Stocks are also referred to as equities or shares and are investments that represent partial ownership in a company. Various investment accounts, like mutual funds, annuities and IRAs, can all house stock portfolios. Investors can also buy stocks individually online or through stockbrokers; some companies also offer Direct Stock Purchase Plans. The best trading apps provide guidance to help you get started, as well as advice about which stocks to buy and sell.
Best Stock Market Apps
When shopping around for the best stock market app to use, you will want to compare their fees, pricing, account types and investment options, investment research, education resources and platforms. According to the writers from Business Insider, the best trading apps let you buy and sell stocks and ETFs without having to pay commissions. An ETF, by the way, is a collection of securities that investors can buy or sell. This investment structure helps avoid short-term capital gains taxes that would otherwise result in many individual securities sales.
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A company like Charles Schwab is a good choice for new and experienced investors alike. There are often no account minimum or trade commission fees charged, plus the company offers free automated advisers. They have an easy-to-use mobile app, too.
SoFi Invest is targeted at rookie investors and has more limited investment choices plus a "Stock Bits" program that lets you buy less costly fractional shares. Fidelity also offers fractional shares and is a good choice for long-term investors looking to stay the course for retirement investing. Other top stock trading apps include Ally Invest, E*TRADE and Bank of America's Merrill. There are also companies that charge fees to offer stock advice, such as Motley Fool and Morningstar. It is wise to check your account statements once you sign up to verify there aren't any unexpected fees.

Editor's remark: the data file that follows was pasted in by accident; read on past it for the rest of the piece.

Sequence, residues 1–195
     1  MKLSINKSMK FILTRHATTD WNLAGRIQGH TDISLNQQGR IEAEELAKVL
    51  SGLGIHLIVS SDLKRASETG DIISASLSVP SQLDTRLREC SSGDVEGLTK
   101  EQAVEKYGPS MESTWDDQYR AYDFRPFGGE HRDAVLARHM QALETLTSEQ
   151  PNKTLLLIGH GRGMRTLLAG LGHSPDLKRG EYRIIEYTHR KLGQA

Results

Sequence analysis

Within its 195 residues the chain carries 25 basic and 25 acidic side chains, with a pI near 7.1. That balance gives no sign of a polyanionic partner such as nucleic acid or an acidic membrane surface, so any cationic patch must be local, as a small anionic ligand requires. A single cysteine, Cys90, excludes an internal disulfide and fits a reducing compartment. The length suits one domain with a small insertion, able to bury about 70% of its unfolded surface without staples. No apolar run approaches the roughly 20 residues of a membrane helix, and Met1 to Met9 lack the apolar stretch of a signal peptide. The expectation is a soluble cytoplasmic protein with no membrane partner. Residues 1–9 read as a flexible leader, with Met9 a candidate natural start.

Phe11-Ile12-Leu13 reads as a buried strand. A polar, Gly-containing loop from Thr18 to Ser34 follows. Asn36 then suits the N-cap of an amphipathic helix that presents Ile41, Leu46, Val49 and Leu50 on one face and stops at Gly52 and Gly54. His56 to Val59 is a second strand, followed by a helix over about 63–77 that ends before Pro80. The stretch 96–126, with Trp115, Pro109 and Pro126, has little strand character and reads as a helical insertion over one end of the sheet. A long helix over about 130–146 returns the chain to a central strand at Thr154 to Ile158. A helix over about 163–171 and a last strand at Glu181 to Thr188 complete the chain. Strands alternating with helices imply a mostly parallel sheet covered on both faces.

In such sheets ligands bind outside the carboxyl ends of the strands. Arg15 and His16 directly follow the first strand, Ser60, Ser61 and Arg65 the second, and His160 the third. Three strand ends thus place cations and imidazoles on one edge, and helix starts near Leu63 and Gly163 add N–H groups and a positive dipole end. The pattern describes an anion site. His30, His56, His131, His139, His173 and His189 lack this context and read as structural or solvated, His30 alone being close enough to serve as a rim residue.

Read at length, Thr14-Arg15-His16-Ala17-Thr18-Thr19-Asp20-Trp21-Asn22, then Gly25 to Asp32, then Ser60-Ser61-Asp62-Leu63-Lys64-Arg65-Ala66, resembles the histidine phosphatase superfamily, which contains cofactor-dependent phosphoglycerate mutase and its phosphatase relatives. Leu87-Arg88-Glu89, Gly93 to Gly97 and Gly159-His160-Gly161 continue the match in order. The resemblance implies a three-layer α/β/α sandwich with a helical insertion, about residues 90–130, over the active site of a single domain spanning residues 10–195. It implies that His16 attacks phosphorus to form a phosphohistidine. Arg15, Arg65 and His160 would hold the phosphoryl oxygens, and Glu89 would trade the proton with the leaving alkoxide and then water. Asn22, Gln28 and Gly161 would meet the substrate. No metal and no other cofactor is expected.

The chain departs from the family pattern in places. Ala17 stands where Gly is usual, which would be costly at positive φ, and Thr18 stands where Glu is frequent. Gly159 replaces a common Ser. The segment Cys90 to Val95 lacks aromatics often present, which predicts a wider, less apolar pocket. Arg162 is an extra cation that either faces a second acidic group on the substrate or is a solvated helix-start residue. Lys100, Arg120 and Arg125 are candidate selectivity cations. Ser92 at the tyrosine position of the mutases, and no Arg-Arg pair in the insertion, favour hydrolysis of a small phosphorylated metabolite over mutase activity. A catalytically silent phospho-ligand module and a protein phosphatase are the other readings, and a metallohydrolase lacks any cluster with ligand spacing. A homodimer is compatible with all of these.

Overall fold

Reinvest or Cash Out Stocks
The Financial Industry Regulatory Authority (FINRA) explains the two main ways investors earn money through stocks. The first is dividends, which come into play when publicly owned companies earn profits and distribute some to shareholders. Stockholders can accept the cash or reinvest it to buy more stocks in the company.
The second is when stocks are sold, but you only make a profit if the stock price is higher than the original price you paid for it.
Why and How to Sell Stocks
The reasons for selling stocks include wanting to make a profit, hoping to cut losses or just needing the money. In most cases, you must contact your brokerage firm or use your app to sell stocks, and you can look for advice before making your decisions. There are several different ways to cash out on stocks by placing sell orders. The most common types are market orders, limit orders, stop orders and buy stop orders. Once you cash out the stocks, the monies may be deposited into your account; this can take several days.
With market orders, you make a request to sell a stock immediately, explains Investor.gov. This is the fastest option but does not guarantee that the last-traded price is the one you get. A limit order is when you ask that the stock be sold at a specific price or higher. For example, your limit order could specify that XYZ stock sells for no less than $25 a share. Stop orders are also called stop-loss orders and sell stocks when the price hits a specified amount, or a stop price. Buy stop orders are entered at stop prices above the stock's current market price and are initiated to protect profits or limit losses.
Consider also: The Tax Consequences of Cashing Out Employee Stock Options